Alektorophobia (Fear of Chickens)
What is alektorophobia?
According to the American Psychiatric Association (APA), phobias fall under the category of anxiety disorders. A phobia is an excessive, irrational and uncontrollable fear of an animal, object, person, activity, environment or situation. The focus of the phobia presents little or no true danger. So, the fear is disproportionate with reality. Phobia sufferers typically know their fear is unwarranted. But they can’t stop it or conquer it. Alektorophobia is fear of chickens. In Greek, ‘alektor’ means rooster and ‘phobia’ means fear. It’s a rare phobia.
Alektorophobia is a simple, or specific phobia. This means it is specific to chickens, not any other bird or animal. Simple phobias are the most common type of phobia. The APA estimates that up to 9% of Americans have some type of simple phobia.
Alektorophobia causes an extreme and overwhelming fear of chickens. Just the thought of a chicken or a picture of a chicken can cause fear in some people. Though rare, it can also translate into fear of food dishes containing chicken.
What are the symptoms of alektorophobia?
Alektorophobia symptoms can include both physical and psychological reactions. They can also range from mild to severe and sometimes even incapacitating. The physical symptoms of phobias relate to the anxiety the fear causes. Fear provokes a ‘fight-or-flight’ response with adrenaline as its fuel.
Common physical symptoms of alektorophobia include:
- Fast heart rate or palpitations
- Shakiness, trembling or sweating
Other alektorophobia symptoms include:
- Avoidance of chickens or images of chickens
- Awareness of the irrationality of being afraid of chickens
- Guilt, shame or self-blame about being afraid of chickens
- Inability to control or overcome the fear of chickens
- Panic or dread at the thought or sight of chickens
- Overwhelming need to get away from a chicken
Children who have simple phobias may cry or throw a temper tantrum when confronted with the phobia trigger.
While fear of chickens may simply be annoying for some people, in others it can disrupt their lives. If your fear is interfering with your ability to function normally, see your doctor. Early intervention offers the best chance of resolving the phobia.
What causes alektorophobia?
Experts do not have a full understanding of what causes phobias, including alektorophobia. Research suggests there may be a genetic component. However, environmental factors probably play a role as well. In some cases, fear of chickens is based on a specific negative or scary experience. A region of the brain—the amygdala—records your reaction to this experience. When you see or encounter a chicken again, the amygdala remembers and reminds you of the fear you felt.
However, many people can’t link their fear to a specific experience. They’re just afraid. In this case, personality traits, temperament, and other inherited factors may be involved. Researchers can’t say for sure because fears can also be learned behaviors from your family. This makes it difficult to separate what’s learned and what’s inherited.
What are the treatments for alektorophobia?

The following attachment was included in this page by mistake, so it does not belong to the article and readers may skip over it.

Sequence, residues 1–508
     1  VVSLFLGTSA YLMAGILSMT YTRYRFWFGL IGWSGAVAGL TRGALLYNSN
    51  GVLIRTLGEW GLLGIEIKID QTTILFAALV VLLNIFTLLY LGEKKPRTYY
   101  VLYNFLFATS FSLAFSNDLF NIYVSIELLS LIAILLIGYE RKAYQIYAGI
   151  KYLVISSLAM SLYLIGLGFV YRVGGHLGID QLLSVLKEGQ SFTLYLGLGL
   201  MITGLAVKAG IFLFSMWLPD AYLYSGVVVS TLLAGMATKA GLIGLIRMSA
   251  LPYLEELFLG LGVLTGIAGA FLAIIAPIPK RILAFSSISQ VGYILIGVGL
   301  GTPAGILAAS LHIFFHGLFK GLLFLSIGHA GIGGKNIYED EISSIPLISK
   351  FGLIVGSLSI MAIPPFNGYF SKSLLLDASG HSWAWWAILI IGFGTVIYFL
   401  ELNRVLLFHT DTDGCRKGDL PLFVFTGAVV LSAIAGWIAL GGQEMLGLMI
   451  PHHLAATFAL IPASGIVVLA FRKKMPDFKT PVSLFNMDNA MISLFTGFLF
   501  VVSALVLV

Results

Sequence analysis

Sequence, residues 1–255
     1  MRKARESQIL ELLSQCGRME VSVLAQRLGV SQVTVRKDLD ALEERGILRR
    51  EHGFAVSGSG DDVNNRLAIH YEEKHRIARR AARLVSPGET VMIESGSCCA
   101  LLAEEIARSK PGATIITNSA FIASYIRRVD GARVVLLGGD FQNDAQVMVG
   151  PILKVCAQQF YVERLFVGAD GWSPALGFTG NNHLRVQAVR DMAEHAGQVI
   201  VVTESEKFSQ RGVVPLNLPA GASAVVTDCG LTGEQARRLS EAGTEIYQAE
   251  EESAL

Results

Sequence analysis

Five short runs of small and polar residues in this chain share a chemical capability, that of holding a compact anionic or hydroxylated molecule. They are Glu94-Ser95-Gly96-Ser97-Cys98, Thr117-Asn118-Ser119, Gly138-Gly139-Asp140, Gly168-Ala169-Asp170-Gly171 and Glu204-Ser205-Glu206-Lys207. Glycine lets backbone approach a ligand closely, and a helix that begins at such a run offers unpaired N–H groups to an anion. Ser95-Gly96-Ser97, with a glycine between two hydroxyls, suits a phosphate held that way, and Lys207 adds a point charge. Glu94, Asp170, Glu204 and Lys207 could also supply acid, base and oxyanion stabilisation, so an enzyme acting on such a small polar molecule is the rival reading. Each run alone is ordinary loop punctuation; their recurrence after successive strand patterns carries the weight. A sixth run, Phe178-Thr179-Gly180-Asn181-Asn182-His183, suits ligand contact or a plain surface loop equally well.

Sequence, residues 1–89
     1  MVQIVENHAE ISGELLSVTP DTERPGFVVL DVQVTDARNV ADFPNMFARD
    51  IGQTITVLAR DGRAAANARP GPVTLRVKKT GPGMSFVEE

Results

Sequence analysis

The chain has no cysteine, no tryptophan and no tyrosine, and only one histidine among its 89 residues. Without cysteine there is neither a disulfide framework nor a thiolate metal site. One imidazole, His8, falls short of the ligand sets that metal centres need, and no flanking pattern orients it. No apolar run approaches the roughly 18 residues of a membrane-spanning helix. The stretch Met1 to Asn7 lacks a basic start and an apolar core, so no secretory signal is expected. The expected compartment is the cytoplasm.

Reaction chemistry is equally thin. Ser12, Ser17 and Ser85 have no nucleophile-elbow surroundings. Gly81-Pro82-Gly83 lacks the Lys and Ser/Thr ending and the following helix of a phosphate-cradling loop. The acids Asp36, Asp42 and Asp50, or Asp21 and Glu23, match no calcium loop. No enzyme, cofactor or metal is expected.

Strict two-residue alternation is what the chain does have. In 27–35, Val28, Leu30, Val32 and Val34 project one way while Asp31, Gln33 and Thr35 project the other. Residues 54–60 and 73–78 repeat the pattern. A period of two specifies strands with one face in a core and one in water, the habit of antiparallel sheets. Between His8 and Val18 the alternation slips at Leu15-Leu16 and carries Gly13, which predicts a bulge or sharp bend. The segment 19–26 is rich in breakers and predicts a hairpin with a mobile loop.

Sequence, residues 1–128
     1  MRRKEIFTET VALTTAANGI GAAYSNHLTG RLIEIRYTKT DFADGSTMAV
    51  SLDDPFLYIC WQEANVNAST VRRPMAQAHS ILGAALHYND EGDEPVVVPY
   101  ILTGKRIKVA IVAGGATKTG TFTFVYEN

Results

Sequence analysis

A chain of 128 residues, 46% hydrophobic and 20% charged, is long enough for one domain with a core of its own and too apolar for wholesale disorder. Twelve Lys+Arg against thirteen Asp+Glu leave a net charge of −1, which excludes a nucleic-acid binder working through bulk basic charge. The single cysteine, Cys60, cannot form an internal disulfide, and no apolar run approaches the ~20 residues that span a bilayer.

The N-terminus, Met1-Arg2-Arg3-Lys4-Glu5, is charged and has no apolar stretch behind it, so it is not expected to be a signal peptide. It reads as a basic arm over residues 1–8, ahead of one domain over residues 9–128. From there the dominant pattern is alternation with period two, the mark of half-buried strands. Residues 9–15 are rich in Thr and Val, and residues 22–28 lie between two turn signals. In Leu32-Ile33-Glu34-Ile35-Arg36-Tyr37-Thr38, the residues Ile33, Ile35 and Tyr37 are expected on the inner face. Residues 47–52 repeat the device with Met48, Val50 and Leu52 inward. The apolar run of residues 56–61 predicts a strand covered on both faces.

Everyone has fears, but not all fear needs treatment. Sometimes, people outgrow their fears or are able to conquer them on their own. This is not a phobia. Phobias are persistent and overwhelming fears. They are real anxiety disorders and are not signs of weakness or immaturity. Teasing or ridiculing someone about a phobia can worsen the problem and cause more guilt and shame. Early medical intervention is often more successful in treating the fear than waiting to get help.
Doctors recommend treating phobias when they interfere with your daily life. This includes your ability to function normally at work, school, or in social situations. The most effective alektorophobia treatments are psychotherapy methods including:
- Cognitive behavior therapy, which teaches you how to identify and change unhealthy thoughts, emotions and behaviors. The process involves talking about your fear and learning new beliefs about it. The goal is to build confidence in yourself and take the control away from the fear. Therapists may use this method in combination with exposure therapy.
- Exposure therapy or desensitization therapy, which gradually and repeatedly exposes you to your fear of chickens under controlled situations. For severe phobias, this may just involve thinking about chickens. Using anxiety-reducing techniques, you will learn to face the fear until you master it. Then, you will gradually encounter more intense situations with chickens. The goal is to learn that you can control the fear instead of it controlling you.
Medications can also be useful in managing simple phobias. They may be appropriate for short-term use when you are first starting psychotherapy. However, doctors usually reserve them for phobias involving temporary situations, such as fear of public speaking. For chronic phobias, psychotherapy offers the most long-lasting relief.
Like any simple phobia, alektorophobia can take a toll on its sufferers. Complications of untreated phobias include:
- Social isolation, which can lead to loneliness and difficulty with work, school, and personal relationships
- Substance abuse, including alcohol abuse and drug addiction in an effort to relieve or manage fear